Country residents helping to stop crime

00:00, Sep 05 2014

Rural people have become more aware of crime and are taking more precautions to stop it, police say.

Feilding Senior Sergeant Nigel Allan said better awareness and communication helped keep crime in rural Manawatu and Rangitikei down.

"Police and Neighbourhood Support tell people what's going on.

"And the rural community is more aware of crime. People are more observant and vigilant than they were a few years ago."

There had been stock rustling in other areas, with pigs, cattle and sheep killed for meat. Quad bikes and farm equipment had also been stolen. But Allan said there had been no stock thefts in the region in the past year.

"We apprehended a couple of individuals and it stopped.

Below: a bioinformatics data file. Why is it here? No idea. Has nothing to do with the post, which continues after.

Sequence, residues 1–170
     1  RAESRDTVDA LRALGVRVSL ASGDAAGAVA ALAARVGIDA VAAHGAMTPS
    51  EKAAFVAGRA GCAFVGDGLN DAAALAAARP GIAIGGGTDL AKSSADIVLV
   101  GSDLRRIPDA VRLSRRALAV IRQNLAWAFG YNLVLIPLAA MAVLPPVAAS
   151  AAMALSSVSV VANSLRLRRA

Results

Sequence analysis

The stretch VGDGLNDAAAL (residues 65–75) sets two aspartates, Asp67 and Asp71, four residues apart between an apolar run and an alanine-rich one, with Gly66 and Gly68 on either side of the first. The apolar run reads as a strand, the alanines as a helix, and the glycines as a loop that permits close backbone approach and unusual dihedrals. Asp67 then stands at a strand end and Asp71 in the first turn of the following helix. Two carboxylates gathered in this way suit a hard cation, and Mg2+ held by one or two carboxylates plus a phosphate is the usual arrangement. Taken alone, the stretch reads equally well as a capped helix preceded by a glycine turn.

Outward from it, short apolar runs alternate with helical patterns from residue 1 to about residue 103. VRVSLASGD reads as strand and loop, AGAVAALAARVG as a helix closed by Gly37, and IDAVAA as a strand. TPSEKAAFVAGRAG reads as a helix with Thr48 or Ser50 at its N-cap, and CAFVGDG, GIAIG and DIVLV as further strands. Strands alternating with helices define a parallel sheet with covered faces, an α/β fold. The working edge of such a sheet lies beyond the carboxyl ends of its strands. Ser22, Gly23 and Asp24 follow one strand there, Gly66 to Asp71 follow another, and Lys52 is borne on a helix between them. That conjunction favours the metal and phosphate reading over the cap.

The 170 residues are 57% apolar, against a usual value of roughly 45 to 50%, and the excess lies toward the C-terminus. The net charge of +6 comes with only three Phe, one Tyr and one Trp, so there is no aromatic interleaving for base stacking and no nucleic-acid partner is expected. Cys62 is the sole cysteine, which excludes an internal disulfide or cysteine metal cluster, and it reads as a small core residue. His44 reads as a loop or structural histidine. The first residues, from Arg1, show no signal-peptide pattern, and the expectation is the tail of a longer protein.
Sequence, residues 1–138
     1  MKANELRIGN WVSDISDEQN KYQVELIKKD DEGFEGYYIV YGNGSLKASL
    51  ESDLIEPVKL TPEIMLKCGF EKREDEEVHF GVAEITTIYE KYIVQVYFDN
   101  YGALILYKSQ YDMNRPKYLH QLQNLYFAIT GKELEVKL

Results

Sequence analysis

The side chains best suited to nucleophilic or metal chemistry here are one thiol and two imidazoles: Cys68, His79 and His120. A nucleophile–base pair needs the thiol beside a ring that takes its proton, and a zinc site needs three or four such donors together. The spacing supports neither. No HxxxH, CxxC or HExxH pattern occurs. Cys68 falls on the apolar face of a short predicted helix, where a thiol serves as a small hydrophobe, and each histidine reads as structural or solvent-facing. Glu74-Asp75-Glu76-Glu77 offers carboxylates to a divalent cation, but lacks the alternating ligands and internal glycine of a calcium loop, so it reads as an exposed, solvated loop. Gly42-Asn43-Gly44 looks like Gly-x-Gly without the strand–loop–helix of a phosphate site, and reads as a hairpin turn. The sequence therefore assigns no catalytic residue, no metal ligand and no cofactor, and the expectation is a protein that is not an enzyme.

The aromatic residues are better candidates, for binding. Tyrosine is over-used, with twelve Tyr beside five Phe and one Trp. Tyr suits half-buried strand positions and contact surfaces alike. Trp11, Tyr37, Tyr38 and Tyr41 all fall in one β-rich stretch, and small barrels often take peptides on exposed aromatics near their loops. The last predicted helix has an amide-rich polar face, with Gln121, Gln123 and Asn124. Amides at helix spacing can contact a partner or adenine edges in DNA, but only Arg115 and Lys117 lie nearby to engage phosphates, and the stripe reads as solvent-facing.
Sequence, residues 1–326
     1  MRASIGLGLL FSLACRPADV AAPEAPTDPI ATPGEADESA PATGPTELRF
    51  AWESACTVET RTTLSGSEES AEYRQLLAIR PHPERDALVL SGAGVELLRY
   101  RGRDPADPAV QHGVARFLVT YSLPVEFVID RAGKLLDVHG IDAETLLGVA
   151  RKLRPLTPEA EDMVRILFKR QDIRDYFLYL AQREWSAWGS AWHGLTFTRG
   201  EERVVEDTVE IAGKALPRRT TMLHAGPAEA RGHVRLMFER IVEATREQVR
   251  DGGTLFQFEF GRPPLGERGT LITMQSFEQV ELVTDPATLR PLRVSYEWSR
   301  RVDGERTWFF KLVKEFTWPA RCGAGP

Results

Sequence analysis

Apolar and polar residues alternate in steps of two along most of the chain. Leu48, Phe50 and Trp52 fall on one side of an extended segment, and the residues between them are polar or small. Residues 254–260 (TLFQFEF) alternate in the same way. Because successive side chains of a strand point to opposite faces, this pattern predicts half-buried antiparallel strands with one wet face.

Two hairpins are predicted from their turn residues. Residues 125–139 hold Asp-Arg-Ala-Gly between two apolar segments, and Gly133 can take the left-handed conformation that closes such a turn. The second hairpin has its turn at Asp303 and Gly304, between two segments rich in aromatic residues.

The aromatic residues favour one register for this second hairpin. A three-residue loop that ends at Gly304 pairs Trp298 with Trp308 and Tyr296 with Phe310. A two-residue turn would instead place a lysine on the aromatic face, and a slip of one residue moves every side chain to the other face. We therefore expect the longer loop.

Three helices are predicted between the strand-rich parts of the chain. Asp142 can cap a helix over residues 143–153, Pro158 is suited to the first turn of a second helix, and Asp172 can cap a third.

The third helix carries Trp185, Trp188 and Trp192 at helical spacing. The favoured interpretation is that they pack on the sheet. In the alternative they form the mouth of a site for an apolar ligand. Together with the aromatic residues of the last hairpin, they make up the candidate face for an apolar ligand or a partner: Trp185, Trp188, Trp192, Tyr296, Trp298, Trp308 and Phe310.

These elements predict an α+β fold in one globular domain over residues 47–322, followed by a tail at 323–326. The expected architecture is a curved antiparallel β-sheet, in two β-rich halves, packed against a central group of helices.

"Since then, there has been increasing awareness of the issue for rural people and there has also been improved neighbourhood support," Allan said.

Kiwitea farmer Andrew Hoggard said more rural people were locking their sheds and had installed cameras.

"A few years ago there was more rustling and crime but rural people are more aware now."

Hoggard said the challenge was knowing where to put cameras and having the right ones that showed a clear picture. "Neighbourhood Support in the rural areas has worked too." Emails and new technology had also helped.

However, Federated Farmers said that in many areas, farmers often had unreliable cellphone coverage.

The value of stock theft nationwide has been put at $120 million per year.

"Numbers of stock theft in the region are low. But people need to be aware and report to police anything suspicious they see," Allan said.

Anyone with information about stock theft or other crimes can report them anonymously to Crimestoppers, 0800 555 111.

Manawatu Standard